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Favreau dishes on how to make a good foodie film
Question of the Day
NEW YORK (AP) - The way Jon Favreau sees it, the world is divided into people who are interested in food, and people who aren’t.
“And I,” he declares, “am a member of the former category.”
That will be obvious to anyone who watches this weekend’s new film “Chef,” which Favreau wrote, stars in, and directed, and which displays food in a luxurious, almost religious way. Critics have, perhaps justifiably, noted a lack of complexity in both plot and characters, and an overly sunny denouement. But one can’t deny the film’s appeal to the taste buds.
Even a simple grilled cheese sandwich, meticulously prepared by a father for his young son, is almost too delicious to look at, and evokes immediate empathy for this divorced dad trying to make a connection with his child in the most elemental way: through his stomach.
And it makes ours growl.
Which is what Favreau was going for.
“There’s something hypnotic to me when I watch food being prepared on a cooking show, or in ‘Eat Drink Man Woman,’” he says, referring to the 1994 Ang Lee foodie classic. “There’s something incredibly compelling and cinematic about it. And it’s amazing that it can actually make your mouth water.”
Not all food films make the mouth water. Another entry this year, the recent “Tasting Menu,” based at a fictional restaurant in Spain, fell curiously short in that regard. (Later this summer comes “The Hundred-Foot Journey,” starring Helen Mirren.)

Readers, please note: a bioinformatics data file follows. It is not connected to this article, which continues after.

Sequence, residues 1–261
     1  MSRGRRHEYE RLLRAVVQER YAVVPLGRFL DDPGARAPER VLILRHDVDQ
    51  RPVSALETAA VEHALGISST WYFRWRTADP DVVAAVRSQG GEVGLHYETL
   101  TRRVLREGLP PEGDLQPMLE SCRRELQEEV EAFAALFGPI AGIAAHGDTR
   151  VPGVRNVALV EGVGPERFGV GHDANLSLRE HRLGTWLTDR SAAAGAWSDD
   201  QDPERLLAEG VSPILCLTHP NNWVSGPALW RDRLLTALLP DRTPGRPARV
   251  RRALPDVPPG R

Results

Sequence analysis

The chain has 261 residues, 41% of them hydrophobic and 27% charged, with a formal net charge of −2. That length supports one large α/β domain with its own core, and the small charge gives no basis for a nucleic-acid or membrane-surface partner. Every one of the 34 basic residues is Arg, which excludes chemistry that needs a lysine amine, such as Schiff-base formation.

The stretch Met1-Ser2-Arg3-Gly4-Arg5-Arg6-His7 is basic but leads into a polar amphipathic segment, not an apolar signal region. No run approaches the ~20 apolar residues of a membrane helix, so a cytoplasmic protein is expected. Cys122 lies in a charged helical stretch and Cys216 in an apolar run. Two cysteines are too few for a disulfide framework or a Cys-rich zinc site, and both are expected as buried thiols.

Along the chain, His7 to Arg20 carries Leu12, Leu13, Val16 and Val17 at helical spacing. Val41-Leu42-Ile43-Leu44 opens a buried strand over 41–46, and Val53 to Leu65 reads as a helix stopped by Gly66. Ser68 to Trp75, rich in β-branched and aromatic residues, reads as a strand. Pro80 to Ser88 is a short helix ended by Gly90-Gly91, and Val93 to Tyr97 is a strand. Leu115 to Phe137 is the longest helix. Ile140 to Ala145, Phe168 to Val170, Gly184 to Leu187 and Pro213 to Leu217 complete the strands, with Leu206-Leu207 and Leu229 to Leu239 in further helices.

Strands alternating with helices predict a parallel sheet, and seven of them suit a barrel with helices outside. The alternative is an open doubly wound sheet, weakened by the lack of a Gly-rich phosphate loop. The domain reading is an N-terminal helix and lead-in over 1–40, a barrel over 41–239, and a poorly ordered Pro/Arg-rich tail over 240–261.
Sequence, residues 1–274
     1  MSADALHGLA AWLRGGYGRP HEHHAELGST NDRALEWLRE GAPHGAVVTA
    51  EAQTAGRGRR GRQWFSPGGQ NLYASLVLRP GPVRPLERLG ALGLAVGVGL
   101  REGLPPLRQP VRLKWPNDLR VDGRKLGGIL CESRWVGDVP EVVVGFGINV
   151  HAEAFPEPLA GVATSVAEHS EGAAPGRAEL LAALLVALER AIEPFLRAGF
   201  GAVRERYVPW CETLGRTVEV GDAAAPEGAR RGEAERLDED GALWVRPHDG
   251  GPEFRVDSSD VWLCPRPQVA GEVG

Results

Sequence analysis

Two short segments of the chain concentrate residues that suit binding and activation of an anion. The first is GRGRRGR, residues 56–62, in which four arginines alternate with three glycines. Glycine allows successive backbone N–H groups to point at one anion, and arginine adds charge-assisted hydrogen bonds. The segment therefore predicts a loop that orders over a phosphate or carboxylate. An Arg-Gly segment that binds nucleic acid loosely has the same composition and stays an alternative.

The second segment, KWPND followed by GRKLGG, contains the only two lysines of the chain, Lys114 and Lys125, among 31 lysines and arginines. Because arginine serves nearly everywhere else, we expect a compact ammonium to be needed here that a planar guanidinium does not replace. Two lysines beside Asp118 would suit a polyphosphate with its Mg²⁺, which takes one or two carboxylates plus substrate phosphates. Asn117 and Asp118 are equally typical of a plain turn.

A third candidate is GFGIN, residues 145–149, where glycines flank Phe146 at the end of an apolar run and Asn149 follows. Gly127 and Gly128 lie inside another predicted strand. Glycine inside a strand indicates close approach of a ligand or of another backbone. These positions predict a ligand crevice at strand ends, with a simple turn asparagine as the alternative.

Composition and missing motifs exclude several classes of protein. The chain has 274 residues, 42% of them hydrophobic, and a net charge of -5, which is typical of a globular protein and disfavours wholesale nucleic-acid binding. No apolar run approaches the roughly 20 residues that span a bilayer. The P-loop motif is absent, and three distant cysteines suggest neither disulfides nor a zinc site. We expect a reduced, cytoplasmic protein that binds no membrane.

Of the many delectable contenders, besides the Lee film, foodies still swoon when they think of “Babette’s Feast,” ”Big Night,” or the animated “Ratatouille,” which culminates in the glorious preparation of that simple vegetable dish in the title.
Likewise, “Chef” comes down to a simple dish: the Cuban sandwich.
Carl Casper (Favreau) is a gifted but volatile chef at a swank Los Angeles restaurant. His boss (Dustin Hoffman), orders him to play it safe on the very night a major food critic is coming. Reluctantly, he does, and predictably gets excoriated by the critic.
Things go way downhill, and Casper is fired. He rebuilds his life by going back to basics: sprucing up a filthy old truck and turning it into a temple for the perfect Cuban sandwich.
There’s a popular view that Casper the chef is really Favreau the director, and the risk-averse restaurant owner a big studio honcho - and “Chef,” an independent film, the food truck. Favreau, who directed the “Iron Man” films, says that’s only partly true - he actually loves both genres.
Yet it’s clear “Chef” is a labor of love for Favreau, who confesses that he was so inspired during filming, he’s installing a full commercial kitchen in his home, including a wood-burning pizza oven, a flat-top grill and maybe one day even an outdoor smoker, for succulent brisket.
Still, making food work at home is different than making it work onscreen. How do you do THAT?
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